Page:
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Would you decline an interview opportunity?

Discussion in 'Journalism topics only' started by BB Bobcat, Jan 9, 2008.

  1. BB Bobcat

    BB Bobcat Active Member

    The MLB team I cover is parading players in once a week leading up to spring training, and setting up interviews with the beat writers. While I appreciate the concept, some of the guys they are bringing in are not people that I really feel I need to talk to a month before spring training.

    My inclination is that I just ought to go in and talk to the guys anyway, just as a token to say I appreciate the PR staff bringing them in. On the other hand, if I really don't need them, aren't I wasting their time, as well as mine?
     
  2. alleyallen

    alleyallen Guest

    BB, why not take advantage of the opportunity by injecting a little creativity?

    For example, do a story on how they spend their off-season. When do they get up every day? What's the workout regimen? Do they get a chance to do all those parent things they normally miss, like school plays and choir recitals?

    There's bound to be a story out there.

    I never turned down a chance to interview someone. I talked to a soon-to-be-retiring librarian at Ft. Ben Harrison and it turned out she had a pretty cool side story: she was a pageant judge with Mike Tyson WAAAAYYY back in the day.
     
  3. BillyT

    BillyT Active Member

    You never know.

    God forbid, what if the guy gets hit by a meteor next week.

    He could get traded.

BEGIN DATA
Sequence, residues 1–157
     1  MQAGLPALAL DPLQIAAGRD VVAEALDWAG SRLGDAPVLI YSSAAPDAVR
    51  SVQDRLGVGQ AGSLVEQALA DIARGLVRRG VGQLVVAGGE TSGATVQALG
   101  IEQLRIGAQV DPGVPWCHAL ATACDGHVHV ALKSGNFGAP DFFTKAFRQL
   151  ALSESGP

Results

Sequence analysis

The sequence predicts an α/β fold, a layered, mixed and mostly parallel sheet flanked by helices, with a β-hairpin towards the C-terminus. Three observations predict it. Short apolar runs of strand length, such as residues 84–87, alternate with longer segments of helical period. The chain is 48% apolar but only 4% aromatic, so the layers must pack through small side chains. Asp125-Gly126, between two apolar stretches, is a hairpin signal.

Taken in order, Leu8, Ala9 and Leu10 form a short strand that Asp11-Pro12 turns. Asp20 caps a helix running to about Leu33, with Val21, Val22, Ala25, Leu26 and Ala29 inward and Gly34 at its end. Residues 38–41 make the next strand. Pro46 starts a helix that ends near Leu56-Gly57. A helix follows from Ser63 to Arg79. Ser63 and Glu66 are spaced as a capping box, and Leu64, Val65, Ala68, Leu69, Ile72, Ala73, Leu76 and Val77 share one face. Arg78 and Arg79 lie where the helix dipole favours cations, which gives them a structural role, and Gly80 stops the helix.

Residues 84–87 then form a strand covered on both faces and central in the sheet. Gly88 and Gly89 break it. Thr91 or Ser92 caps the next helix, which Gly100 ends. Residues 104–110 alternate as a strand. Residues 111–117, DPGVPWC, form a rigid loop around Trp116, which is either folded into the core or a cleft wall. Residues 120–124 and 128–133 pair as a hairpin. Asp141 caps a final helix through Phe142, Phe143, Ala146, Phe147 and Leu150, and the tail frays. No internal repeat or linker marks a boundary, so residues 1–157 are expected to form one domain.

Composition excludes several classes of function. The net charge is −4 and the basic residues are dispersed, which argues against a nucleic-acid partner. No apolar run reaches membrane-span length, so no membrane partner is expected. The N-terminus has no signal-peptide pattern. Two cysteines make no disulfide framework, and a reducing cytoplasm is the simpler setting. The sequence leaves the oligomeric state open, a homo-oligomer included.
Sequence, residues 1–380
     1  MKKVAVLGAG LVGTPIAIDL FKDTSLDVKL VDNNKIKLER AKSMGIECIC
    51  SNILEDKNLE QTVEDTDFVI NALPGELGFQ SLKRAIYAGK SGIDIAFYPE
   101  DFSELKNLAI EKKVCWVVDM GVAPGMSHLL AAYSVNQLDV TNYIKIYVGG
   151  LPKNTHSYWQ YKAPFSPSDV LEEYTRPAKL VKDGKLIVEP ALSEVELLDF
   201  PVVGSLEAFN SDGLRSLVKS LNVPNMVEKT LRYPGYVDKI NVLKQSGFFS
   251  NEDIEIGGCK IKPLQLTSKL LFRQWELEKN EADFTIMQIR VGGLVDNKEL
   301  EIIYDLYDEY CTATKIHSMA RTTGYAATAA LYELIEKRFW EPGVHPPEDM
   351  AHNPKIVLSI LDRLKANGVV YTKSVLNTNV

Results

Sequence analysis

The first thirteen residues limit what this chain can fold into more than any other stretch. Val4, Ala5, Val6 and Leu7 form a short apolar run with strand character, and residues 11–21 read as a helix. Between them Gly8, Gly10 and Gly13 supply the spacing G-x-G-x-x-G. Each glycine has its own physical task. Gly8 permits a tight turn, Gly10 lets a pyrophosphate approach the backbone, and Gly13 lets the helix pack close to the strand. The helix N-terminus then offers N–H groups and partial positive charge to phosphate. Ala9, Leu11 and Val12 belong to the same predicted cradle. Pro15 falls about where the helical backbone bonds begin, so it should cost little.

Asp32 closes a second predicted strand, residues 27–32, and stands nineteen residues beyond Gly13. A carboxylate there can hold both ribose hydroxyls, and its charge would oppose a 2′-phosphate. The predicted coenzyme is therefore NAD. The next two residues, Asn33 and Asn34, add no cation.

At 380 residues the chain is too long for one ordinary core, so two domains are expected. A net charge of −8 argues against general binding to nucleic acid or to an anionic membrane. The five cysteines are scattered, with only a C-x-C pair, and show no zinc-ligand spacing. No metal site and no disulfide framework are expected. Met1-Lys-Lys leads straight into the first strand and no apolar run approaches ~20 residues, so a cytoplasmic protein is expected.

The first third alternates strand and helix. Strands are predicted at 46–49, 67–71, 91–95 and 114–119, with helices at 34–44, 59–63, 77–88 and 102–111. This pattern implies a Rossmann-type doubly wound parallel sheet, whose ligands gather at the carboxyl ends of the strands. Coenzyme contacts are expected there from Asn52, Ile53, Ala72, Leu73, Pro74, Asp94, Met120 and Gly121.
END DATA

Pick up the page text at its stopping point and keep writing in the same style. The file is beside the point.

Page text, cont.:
You also might just find something interesting or have something in your files for a really slow day.

    Can you suggest to the PR guys who they oughta bring in?
     
  4. txscoop

    txscoop Member

    I would think you don't turn it down because what if one day they become stars and turn you down?
     
  5. Bill Brasky

    Bill Brasky Active Member

    I don't think its a bad idea to interview these guys. At the very least, you have a notebook item or a "They're trying to drum up interest in the team by putting these players before the press" article. And no matter how dull these guys are, they probably have something to say about the big offseason news, like the Mitchell Report, or A-Rod's deal, or whatever.
     
  6. MileHigh

    MileHigh Moderator Staff Member

    Should definitely go to the interview, if for nothing else it helps establish a relationship with them that could come in handy down the road.
     
  7. Mizzougrad96

    Mizzougrad96 Active Member

    If they bring them in and you're the beat writer, it's your job to go...

    If there's no story, you don't have to write anything, but you definitely need to be there...
     
  8. shockey

    shockey Active Member

    sorry, don't mean to be rude, but...

    WHAT A STOOPID QUESTION!!!

    you come off as quite the lazy slacker if you blow it off. EVERYONE has a story to tell. find it.
     
  9. Yeah, this is a pretty ridiculous question. It's your beat. Okay, so caravans are boring and usually a waste of everyone's time. But you get time alone with the player afterwards. Imagine the ass-chewing you'd get if you blew off an event where John Pitcher announced that this would be his last season, or that he's upset with the GM over the offseason inactivity...

    Don't be lazy.
     
  10. BB Bobcat

    BB Bobcat Active Member

    I didn't mean to be lazy.

    All I meant was that I don't want to waste their time if I'm not actually writing a story. It's not like I'm not going to have enough time in six weeks of spring training to talk to these guys. I'm also talking about rookies, bench players and middle relievers here.

    But, as I said in my original post, I will go.
     
  11. Screwball

    Screwball Member

    They'll all tell you they don't read the papers anyway, so they'll never know. :D
     
  12. John

    John Well-Known Member

    And that might be the best reason to go.
     
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